Don't use camera below 32 degrees?

Discussion in 'Photography Beginners' Forum' started by ricepudding, Oct 22, 2007.

  1. ricepudding

    ricepudding TPF Noob!

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    Now common! I just got my D80, spent over $1000 on it with the memory cards and while reading the instructions about charging the battery it says not to USE the battery in temps lower than 32 degrees.

    Now, I'm not going to be photographing penguins for a living or anything but I do live in Michigan. Are they for real?
     
  2. usayit

    usayit No longer a newbie, moving up!

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    Keep you spare batteries in your inner pocket of your coat. Use body head to keep them warm. Carry lots of spares... batteries of any type do not work well in sub freezing temps.
     
  3. JerryPH

    JerryPH No longer a newbie, moving up!

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    Also, give the lens time to "cool down" else you will get a little condensation on the glass.

    Personally, I would pass on sub-freezing picture sessions, but many do it.

    As suggested, swap batteries every 15 min or so. By doin so the batteries last longer. A cold battery loses its charge very fast.
     
  4. ricepudding

    ricepudding TPF Noob!

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    I won't be doing alot outside in the cold but I would like to go out with my camera and get pics of the kids sledding w/o worrying about ruining my battery...ya know? At least that is what I did with my point and shoot that was much cheaper. Oh, and for now I have one battery.. :-(
     
  5. jon_k

    jon_k TPF Noob!

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    First off, get another battery! You'll appreciate having an extra. I don't know how many times I've been going somewhere and magically my battery is low on charge and I am thankful I have a spare.

    Them saying don't use it in freezing is a suggestion. The battery is not RATED to work in these temperatures and they drain really quickly. Battery's aren't meant to be discharged in cold. The battery is exhausted quicker. Long-term this could cause damage to the battery, but in short-term you just end up having to re-charge the battery more often. Shooting the kids playing in the snow now and then won't ruin the battery. Just don't take a 6 month trip to northern canada and expect your single battery to last the entire 6 months.
     
  6. GoM

    GoM TPF Noob!

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    The irony of the scenes from the duracell commercial that occured on a mountain or in an iceberg or something amuse me so.
     
  7. WDodd

    WDodd TPF Noob!

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    Definitely get a second battery. I don't know if Sterlingtek makes batteries for the D80 but there are some good alternatives for the Canon brand batteries that are much cheaper.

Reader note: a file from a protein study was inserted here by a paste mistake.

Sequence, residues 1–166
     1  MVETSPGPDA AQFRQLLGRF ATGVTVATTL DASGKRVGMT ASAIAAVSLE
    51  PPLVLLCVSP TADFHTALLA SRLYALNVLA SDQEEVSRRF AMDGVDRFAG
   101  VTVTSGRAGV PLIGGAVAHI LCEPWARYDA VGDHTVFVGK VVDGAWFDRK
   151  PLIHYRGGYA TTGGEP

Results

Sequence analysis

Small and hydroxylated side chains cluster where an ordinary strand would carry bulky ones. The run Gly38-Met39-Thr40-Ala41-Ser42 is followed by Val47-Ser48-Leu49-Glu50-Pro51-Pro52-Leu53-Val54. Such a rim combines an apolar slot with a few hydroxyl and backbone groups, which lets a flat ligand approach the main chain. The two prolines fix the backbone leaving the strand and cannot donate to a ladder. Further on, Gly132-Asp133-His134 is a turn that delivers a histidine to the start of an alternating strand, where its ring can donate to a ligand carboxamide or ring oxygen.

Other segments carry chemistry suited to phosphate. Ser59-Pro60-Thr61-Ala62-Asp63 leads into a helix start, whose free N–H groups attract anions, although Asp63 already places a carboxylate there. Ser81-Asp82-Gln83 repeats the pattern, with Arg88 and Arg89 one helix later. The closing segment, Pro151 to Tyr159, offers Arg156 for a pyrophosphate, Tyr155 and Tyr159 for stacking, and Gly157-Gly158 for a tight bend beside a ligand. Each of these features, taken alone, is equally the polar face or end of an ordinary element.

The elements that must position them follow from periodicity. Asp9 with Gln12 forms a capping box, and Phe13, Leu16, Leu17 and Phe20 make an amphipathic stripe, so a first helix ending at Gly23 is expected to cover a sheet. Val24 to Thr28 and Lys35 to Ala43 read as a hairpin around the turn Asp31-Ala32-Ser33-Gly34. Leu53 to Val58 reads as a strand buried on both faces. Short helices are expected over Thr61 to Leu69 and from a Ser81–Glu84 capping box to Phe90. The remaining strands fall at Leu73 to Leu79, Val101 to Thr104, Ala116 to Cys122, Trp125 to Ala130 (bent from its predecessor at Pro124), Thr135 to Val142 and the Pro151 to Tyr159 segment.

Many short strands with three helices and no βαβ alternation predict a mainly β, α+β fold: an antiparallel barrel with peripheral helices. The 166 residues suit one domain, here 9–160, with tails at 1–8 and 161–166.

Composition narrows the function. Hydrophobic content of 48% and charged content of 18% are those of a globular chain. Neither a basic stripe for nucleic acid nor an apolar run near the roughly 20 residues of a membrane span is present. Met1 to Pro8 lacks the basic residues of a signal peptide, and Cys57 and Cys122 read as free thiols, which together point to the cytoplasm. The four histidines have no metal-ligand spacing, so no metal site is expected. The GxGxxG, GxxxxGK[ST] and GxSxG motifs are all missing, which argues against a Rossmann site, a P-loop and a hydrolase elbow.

8. Snyder

    Snyder TPF Noob!

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    I have taken photos in -60 degrees, yes thats below zero and no wind thank god. Here kinda what happens, you gots about 5 mins to get your shot before the batteries will freeze and die if your smart and have a large quantom (As I did) the camera will last about 10-15min then the shutter will freeze and your finished you cant take anymore photos until the camera warms back up.
     
  9. Battou

    Battou No longer a newbie, moving up!

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    You could always get an inexpencive used film SLR for winter use if you have to, Mine remains fully functional to -4 as long I keep covered.
     
  10. WDodd

    WDodd TPF Noob!

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    How did you warm the camera back up without having condensation problems?
     
  11. Snyder

    Snyder TPF Noob!

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    putting the lense cap back on seems to help and a gradual transition to a warmer temp helps also, but regardless its going to happen one way or another.
     
  12. Big Mike

    Big Mike I am Big, I am Mike Staff Member Supporting Member

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    The 'rated' temperature is just something they put in the manual to cover their buts...the cameras will work just fine at much lower temps. Remember though, that the screens are LCD (L as in liquid) and you don't want that to freeze. But, as people have mentioned, the battery will usually die long before the cold does any damage to the camera.

    Also, be careful about condensation. When you bring something from a cold environment (dry) into a warm & humid environment, water will form onto the cold surfaces...this includes the outside and the inside of the camera, lens and anything else. The best thing you can do, would be to lock the camera into a zip-lock bag before you come inside. Let the camera warm up (gradually is best) before you open the bag. If you don't have a zip-lock bag, keep the camera in your camera bag, zipped up tight until it's up to room temperature.

    The same also applies when you are in an air conditioned room and go outside into a tropical climate.
     

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